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Transport in cells

In this chapter you will learn:

  1. What is Diffusion?

  2. Factors affecting diffusion

  3. Diffusion in living organisms

  4. Osmosis

  5. Osmosis in living cell

  6. Osmosis in plant cell

  7. Active transport

  8. Active transport in plants

  9. Active transport in animals

  10. Comparison of diffusion, osmosis and active transport

Diffusion

In diffusion, particles move from an area of higher concentration to an area of lower concentration.

Diffusion occurs in gases and liquids, because the particles are free to move.

Diffusion in solids is impossible because the particles cannot move freely from one position to another.

Factors affecting diffusion

  • The larger the particles the slower the rate of diffusion.

  • The bigger the concentration difference and the faster the rate of diffusion.

  • The greater the surface area, the faster the rate of diffusion.

  • In the higher temperature, the particles gain more kinetic energy and move faster and so diffusion is faster.

Diffusion in living organisms

The thin cell membranes allow the diffusion of small molecules in and out of cells.

When blood reaches the cells the molecules of glucose and oxygen diffuse out of the blood and into the cells.

When cells use up the glucose and oxygen they produce waste chemicals and carbon dioxide.

Carbon dioxide will then naturally diffuse out of the cell to the region of lower concentration.

Osmosis

Osmosis can be defined as the spontaneous movement of water molecules from an area of high concentration, to an area of lower concentration through a partially permeable membrane.

Osmosis refers to the movement of water molecules only. The concentrated solution has low concentration of water molecules. A dilute solution has high concentration of water molecules.

Osmosis can happen in either direction, that means water can move in either direction depending on the relative concentration of dissolved substance.

Water will diffuse from a high water potential to a low water potential.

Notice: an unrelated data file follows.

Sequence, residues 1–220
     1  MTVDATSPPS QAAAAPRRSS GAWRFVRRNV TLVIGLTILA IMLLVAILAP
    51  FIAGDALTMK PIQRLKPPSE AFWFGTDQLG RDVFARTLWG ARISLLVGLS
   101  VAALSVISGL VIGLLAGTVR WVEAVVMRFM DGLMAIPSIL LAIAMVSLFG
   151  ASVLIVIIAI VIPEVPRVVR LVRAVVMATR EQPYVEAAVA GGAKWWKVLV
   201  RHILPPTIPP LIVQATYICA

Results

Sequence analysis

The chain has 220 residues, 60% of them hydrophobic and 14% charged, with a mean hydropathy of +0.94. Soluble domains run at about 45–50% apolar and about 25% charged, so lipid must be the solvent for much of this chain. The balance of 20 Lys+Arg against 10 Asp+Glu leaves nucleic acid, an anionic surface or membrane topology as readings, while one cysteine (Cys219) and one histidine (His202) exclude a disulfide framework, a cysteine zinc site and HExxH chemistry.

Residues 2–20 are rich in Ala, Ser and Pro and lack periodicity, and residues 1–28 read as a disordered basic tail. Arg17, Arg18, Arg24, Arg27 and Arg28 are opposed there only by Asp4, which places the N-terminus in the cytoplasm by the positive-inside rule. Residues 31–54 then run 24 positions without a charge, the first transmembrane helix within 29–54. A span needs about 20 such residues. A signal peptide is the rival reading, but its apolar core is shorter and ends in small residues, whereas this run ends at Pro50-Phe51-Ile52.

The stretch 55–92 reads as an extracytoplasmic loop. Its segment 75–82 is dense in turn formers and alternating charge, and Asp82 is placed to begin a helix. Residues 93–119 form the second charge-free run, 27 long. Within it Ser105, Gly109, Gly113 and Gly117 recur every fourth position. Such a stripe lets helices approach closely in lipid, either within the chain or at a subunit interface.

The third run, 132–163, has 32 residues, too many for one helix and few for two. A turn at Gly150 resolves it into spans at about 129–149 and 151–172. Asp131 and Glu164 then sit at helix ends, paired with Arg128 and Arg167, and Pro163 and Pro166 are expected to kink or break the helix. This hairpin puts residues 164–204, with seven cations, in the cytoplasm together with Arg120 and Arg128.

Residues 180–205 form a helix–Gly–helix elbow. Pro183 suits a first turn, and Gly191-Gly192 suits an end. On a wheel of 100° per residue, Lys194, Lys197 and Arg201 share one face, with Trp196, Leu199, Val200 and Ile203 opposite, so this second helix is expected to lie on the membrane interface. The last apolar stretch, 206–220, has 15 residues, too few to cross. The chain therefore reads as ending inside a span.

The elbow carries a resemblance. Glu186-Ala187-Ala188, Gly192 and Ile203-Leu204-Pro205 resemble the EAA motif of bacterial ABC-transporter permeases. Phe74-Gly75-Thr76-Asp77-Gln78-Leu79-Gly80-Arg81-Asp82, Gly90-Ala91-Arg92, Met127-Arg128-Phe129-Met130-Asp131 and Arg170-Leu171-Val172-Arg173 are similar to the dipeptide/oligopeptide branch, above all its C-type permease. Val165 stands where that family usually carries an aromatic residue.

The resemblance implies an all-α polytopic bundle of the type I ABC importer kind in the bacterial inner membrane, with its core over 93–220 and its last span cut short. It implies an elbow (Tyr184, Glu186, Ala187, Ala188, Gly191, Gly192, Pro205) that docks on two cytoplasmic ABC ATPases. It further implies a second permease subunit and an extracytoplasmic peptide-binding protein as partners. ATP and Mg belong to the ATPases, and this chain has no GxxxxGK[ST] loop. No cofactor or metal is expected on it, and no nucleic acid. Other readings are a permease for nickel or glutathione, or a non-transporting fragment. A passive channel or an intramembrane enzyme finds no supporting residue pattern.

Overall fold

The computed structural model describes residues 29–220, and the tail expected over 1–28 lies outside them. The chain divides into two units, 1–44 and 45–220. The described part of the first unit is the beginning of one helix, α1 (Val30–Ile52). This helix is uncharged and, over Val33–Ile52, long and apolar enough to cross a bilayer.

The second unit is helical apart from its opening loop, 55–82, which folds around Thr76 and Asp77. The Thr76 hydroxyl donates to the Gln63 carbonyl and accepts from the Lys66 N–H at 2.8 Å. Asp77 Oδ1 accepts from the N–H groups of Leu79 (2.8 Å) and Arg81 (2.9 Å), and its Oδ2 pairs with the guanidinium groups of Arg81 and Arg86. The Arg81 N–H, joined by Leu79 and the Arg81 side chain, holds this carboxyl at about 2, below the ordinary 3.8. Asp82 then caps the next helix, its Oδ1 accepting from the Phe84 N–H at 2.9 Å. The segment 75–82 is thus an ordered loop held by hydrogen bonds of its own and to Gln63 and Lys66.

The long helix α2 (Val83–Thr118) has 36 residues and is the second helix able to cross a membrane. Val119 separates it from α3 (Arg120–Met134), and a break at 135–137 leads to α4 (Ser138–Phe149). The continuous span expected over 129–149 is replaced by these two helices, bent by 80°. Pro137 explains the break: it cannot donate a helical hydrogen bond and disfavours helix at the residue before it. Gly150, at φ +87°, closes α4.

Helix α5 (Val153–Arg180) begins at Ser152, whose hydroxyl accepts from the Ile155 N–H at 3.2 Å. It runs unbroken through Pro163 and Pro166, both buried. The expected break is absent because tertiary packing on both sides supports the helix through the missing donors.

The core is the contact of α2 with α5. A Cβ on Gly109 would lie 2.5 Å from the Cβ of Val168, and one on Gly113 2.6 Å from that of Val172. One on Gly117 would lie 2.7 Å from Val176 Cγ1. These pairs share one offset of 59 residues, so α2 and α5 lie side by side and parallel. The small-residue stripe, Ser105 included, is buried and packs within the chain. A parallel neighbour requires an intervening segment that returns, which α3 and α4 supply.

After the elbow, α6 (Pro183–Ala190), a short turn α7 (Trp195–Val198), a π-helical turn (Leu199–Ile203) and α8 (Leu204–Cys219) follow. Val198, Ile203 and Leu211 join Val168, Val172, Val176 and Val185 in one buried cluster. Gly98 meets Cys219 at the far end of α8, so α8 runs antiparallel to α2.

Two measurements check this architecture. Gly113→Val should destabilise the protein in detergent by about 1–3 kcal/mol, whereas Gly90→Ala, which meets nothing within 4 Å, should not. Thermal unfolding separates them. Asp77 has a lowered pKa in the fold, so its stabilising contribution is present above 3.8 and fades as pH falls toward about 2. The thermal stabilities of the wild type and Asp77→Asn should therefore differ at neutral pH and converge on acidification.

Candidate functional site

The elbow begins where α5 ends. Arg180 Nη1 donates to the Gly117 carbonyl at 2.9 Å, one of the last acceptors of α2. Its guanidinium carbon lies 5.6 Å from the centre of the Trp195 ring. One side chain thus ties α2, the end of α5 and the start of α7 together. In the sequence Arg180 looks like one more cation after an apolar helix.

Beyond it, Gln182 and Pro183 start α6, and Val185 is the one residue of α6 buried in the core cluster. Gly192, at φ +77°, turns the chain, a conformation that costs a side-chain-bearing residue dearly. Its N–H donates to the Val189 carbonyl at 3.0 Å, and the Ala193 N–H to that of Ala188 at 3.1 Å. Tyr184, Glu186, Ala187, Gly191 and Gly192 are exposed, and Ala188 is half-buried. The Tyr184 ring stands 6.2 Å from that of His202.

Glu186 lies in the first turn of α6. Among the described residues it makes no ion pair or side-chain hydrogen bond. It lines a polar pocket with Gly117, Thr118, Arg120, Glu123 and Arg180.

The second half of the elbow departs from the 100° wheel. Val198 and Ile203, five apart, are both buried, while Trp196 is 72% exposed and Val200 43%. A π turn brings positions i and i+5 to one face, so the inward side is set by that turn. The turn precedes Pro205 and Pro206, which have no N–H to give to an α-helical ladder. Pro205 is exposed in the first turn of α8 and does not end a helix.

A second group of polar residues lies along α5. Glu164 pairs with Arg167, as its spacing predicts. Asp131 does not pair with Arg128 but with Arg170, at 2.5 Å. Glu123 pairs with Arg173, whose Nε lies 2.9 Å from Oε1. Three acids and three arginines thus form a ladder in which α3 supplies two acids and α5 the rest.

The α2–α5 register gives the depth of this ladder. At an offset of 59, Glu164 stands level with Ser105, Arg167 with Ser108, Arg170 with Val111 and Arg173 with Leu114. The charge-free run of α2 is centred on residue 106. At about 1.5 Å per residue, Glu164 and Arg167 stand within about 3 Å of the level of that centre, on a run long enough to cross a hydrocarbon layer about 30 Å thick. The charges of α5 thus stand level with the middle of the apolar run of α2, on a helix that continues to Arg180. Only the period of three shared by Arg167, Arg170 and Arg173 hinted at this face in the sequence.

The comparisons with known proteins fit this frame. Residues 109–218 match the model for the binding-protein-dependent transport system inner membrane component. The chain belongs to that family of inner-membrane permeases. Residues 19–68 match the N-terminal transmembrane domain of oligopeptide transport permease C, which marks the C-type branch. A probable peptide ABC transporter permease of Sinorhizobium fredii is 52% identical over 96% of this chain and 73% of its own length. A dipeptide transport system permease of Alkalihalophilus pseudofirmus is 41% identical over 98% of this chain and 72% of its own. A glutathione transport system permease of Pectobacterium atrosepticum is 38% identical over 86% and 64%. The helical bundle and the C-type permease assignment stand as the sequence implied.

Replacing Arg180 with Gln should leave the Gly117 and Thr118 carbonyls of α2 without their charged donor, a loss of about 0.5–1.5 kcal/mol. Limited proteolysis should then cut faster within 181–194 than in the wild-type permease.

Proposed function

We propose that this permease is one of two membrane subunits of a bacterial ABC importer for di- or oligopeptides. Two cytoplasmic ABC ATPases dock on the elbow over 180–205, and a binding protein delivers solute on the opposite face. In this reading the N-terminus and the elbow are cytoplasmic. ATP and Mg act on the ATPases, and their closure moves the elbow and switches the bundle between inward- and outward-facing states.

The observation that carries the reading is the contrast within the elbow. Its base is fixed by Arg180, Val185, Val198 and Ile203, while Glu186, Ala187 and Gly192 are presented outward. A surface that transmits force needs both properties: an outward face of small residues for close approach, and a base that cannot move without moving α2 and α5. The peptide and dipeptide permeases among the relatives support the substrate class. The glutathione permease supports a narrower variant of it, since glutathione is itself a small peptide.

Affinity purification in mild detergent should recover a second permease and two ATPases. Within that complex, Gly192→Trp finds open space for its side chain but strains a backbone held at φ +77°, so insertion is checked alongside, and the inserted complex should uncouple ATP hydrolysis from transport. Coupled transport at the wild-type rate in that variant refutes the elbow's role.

Osmosis in living cell

The cell membrane of animal is partially permeable.

Animal cells, which do not have cell walls, can respond adversely to change in the surrounding water pressure.

In pure water, the plant cells take up water by osmosis and become turgid.

In a more concentrated solution, the cell contents lose water by osmosis, and become flaccid.

Cells have dilute solutions of sugars, amino acids and mineral ions.

Animal cells also take in and lose water by osmosis. Animal cells do not have a cell wall, therefore they change size and shape when put into solutions of different concentration.

In animals, the concentration of body fluids must be kept within optimal limits. Cells will not function efficiently if they lose or gain too much water by osmosis.

Osmosis in plant cell

Root hairs of the plant take in water from the soil by osmosis.

Plant cells have a strong cell wall made from cellulose fibres that strengthens and supports the plant cell.

The cell wall is fully permeable to all molecules and stops the cell bursting if they gain too much water by osmosis.

When a plant has enough water, the water passes into the cells by osmosis and the vacuole fills and swells up and push against the cell wall and the cell becomes turgid.

When too much water moves out of a plant cell by osmosis, the vacuole starts to shrink and the plant cell becomes flaccid.

Active transport

In active transport molecules move against a concentration gradient.

This process requires the use of energy that comes from respiration.

Active transport in plants

In active transport the root hairs of plants allows plants to absorb mineral ions, which are necessary for healthy growth. The concentration of nitrates is higher in plant root cell compared to the soil surrounding it.

The concentration of minerals is usually lower in the soil than in the root hair.

Plants absorb mineral ions by active transport. Root hair cells are adapted for taking up water and mineral ions by having a large surface area that increase the rate of absorption.

Active transport in animals

The process of active transport takes place in humans during digestion of food in the small intestine.

Active transport is required to absorb nutrients such as amino acids and sugars like glucose from the gut.

When the glucose concentration in the intestine is lower than in the intestinal cells, movement of glucose involves active transport.

Comparison of diffusion, osmosis and active transport

Process Substances moved Energy required
Diffusion Carbon dioxide, oxygen, water, food, waste substance No energy needed
Osmosis Water No energy needed
Active transport Mineral ions into plant roots, glucose from the gut into intestinal cells, from where it moves into the blood Energy needed from respiration

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